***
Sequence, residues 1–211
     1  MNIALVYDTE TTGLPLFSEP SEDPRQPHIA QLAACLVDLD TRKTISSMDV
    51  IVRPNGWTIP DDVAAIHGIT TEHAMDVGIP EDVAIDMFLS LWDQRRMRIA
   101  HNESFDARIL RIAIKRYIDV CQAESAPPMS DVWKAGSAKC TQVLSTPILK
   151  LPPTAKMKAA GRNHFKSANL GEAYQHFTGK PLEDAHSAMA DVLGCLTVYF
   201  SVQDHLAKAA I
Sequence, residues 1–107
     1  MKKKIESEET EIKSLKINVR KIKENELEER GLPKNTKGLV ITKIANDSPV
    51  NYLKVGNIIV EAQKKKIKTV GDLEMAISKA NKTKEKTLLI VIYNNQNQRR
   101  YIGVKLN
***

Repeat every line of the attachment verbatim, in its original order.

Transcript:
Sequence, residues 1–211
     1  MNIALVYDTE TTGLPLFSEP SEDPRQPHIA QLAACLVDLD TRKTISSMDV
    51  IVRPNGWTIP DDVAAIHGIT TEHAMDVGIP EDVAIDMFLS LWDQRRMRIA
   101  HNESFDARIL RIAIKRYIDV CQAESAPPMS DVWKAGSAKC TQVLSTPILK
   151  LPPTAKMKAA GRNHFKSANL GEAYQHFTGK PLEDAHSAMA DVLGCLTVYF
   201  SVQDHLAKAA I
Sequence, residues 1–107
     1  MKKKIESEET EIKSLKINVR KIKENELEER GLPKNTKGLV ITKIANDSPV
    51  NYLKVGNIIV EAQKKKIKTV GDLEMAISKA NKTKEKTLLI VIYNNQNQRR
   101  YIGVKLN